Finance Working Group

Many developing countries lack the resources to properly address the profound challenges of climate change. For this reason, developed countries have long promised to provide support to help developing countries limit their emissions and adapt to the impacts of climate change. Yet for the most part, the assistance that has been provided to date has been inadequate to meet the challenge. The CAN Finance Group coordinates advocacy and policy work around the need to rapidly scale up support for climate action from developed countries directly, and through new, innovative sources of finance. The group’s main focus is to ensure that sufficient support is available for developing countries to reduce their emissions as required to stay below 2 degrees/1.5 degree temperature rise, and to help countries adapt to climate effects that are already inevitable. Towards this end, the group works to strengthen financial commitments within the UNFCCC and other venues, and to ensure that the Green Climate Fund is an effective and appropriately funded vehicle for delivering climate support to developing countries.

For more information please contact:
Kashmala Kakakhel, WEDO, kashmalakakakhel@gmail.com
Lucile Dufour, Réseau Action Climat France, lucile.dufour@reseauactionclimat.org
Eddy Pérez, Climate Action Network Canada, eddy@climateactionnetwork.ca

‘Round Midnight

As ECO went to press, the Committée de Paris had just resumed its work again. The outcome of the final round of negotiations is still uncertain. That need not stand in the way of a hard-nosed analysis of the new text, though, with the really big issues still left to be decided. Overall, ambiguity is the mot de vogue with several decisions still bracketed yesterday now ‘simply’ postponed. ECO makes a final plea to ministers and their heads of state, who will be asked to weigh in at the last minute:

Ambition

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Carbon Markets: All Cards on the Table

The new draft text still features brackets around the sustainable development mechanism provision. Decisions to be made in the next 24 hours include whether offsetting will be allowed (please, NO!), whether developed countries will be able to play the offset generation game, accounting rules, guiding principles and a share of proceeds for climate finance purposes.

ECO suggests:

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A Fashionable Trend

ECO noticed that a small but potentially mighty paragraph that would scale back international public financial support for high-carbon fossil fuels has taken a beating.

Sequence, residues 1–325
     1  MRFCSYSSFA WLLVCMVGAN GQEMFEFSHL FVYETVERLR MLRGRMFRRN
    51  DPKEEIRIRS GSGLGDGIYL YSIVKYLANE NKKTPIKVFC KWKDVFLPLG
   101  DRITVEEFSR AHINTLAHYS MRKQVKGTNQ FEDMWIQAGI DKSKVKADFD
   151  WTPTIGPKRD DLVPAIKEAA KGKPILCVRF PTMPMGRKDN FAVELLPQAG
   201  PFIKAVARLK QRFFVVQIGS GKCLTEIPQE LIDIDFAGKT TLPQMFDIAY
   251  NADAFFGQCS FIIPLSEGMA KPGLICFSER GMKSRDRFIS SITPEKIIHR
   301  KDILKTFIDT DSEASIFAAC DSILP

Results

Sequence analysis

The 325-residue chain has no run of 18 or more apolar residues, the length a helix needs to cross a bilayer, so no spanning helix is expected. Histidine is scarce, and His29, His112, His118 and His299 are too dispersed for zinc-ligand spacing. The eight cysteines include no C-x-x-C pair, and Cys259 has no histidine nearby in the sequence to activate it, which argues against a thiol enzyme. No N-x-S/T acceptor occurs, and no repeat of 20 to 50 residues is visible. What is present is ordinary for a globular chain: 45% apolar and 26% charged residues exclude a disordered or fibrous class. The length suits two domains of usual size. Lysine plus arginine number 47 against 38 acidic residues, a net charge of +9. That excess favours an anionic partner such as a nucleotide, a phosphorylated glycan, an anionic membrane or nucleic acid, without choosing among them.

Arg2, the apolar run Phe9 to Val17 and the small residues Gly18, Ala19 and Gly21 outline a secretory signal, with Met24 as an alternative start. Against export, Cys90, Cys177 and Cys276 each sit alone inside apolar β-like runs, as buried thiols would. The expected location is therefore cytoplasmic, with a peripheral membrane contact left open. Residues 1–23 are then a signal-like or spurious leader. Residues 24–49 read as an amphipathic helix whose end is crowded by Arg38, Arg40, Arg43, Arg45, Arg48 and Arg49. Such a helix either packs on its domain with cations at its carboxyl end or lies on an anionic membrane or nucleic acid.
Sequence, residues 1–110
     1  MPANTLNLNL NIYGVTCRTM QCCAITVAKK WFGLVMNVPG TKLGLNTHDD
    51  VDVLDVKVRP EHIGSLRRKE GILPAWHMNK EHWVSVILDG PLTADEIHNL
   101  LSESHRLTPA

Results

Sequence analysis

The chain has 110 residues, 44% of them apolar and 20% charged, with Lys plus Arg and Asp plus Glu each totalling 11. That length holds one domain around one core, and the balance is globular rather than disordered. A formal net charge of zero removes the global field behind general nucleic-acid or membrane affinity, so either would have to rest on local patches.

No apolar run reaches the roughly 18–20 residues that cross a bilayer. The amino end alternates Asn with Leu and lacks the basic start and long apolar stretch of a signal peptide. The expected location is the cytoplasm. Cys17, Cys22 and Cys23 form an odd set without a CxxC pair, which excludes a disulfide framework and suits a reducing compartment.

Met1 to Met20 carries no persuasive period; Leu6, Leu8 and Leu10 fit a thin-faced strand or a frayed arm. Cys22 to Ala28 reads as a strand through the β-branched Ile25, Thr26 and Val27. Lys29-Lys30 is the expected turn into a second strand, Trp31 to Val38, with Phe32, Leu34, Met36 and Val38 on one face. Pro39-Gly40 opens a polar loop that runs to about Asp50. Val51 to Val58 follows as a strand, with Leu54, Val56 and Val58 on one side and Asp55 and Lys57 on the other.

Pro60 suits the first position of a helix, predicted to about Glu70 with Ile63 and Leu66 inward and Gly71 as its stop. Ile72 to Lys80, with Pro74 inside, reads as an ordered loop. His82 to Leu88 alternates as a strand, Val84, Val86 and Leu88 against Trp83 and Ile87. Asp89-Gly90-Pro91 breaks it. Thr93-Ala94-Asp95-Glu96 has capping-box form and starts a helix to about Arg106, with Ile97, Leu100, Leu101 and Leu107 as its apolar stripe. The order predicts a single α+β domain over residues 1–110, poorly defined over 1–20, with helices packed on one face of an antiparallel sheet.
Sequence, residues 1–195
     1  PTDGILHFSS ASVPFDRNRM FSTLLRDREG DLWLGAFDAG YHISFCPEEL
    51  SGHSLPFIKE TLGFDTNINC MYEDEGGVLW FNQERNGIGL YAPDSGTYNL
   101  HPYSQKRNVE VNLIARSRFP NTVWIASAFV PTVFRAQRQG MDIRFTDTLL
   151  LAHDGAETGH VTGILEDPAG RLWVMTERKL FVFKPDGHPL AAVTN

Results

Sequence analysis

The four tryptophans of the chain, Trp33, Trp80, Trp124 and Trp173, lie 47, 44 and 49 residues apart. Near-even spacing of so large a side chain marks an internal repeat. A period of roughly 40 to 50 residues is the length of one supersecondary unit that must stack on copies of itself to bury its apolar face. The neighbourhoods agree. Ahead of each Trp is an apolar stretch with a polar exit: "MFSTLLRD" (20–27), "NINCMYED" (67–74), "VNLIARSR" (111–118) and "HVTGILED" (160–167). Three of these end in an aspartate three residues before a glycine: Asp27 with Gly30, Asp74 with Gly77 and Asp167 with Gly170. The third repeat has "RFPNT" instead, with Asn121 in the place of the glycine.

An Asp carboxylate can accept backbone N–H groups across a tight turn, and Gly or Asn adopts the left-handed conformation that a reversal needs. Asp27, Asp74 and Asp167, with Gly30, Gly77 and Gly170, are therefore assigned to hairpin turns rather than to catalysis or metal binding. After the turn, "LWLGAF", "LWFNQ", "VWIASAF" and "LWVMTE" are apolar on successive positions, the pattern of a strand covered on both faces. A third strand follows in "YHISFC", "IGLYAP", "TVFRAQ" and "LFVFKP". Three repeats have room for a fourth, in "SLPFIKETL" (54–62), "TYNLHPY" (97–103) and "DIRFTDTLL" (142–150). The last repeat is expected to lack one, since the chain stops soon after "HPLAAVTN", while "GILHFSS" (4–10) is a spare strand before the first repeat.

Prior to being discussed behind closed doors yesterday, Article 6, paragraph 7 aimed to ensure international public finance was not used to fuel (pun intended) the very problem this entire agreement is trying to solve: the climate crisis. In the new text just released, it is clear that what is now Article 6, paragraph 4, option 3, fell victim to Parties pandering to the interests of big oil, coal and gas.

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Show Love for the Adaptation Fund!

The Adaptation Fund (AF) is a UNFCCC success story: more than 50 adaptation projects are currently underway in Latin America, Africa and Asia, providing support to vulnerable people.

However, the AF operates under a high level of uncertainty. While more and more countries put forward project ideas—the last board meeting has seen an unprecedented amount of proposals—the AF will run out of money as early as 2016 with the resources available today.

Countries need to follow Sweden’s pledge of US$17.5 million and help the AF to meet its fundraising target of $100 million in 2015.

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Crystal Ball of Climate Finance

Running from one meeting room to the next and eating many a crêpe must be tiresome for ministers. But fear not, ECO is here to summarise the crucial things on climate finance for our new arrivals.

If ECO had a crystal ball for climate finance in future years, this is what it would show:

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The Gap In the Text

ECO is disappointed that Parties seem to have all agreed on the ‘no text’ options for the following numbers:
The emissions gap: [The emissions gap in 2020 is estimated to be 8-12 Gigatonnes] [The emissions gap in 2030 based on the current INDCs is estimated to be 12-18 Gigatonnes]
The adaptation gap: [The Adaptation finance needs alone will be USD 150 billion per annum by 2025 (even if we were on track for 2°C) yet the starting point for climate finance in 2020 is only USD 100 billion per annum]
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Lame Danes Win Fossil for Undermining Ambition

Oh, Denmark! In a not too distant past, Denmark was an inspiration to many–setting ambitious targets and rolling out renewables such as wind energy. But today we are not talking about great Danes, we are talking about lame Danes. That’s because today the Danish government is aiming to cut climate targets and shrink climate finance contributions.
The new minority Liberal government of Denmark came into power in July and clearly thought there was too much climate leadership going on. So they decided to dial it down—waaaaaay down.
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Phasing Out Ambition?

Whispers echo around Le Bourget about a group of countries trying to phase out ambition in the finance text. Yes, you read it here first. As ECO was beginning to believe countries had finally caught on to the importance of phasing out financial support for dirty fossil fuels, we’re hit with an unpleasant surprise.
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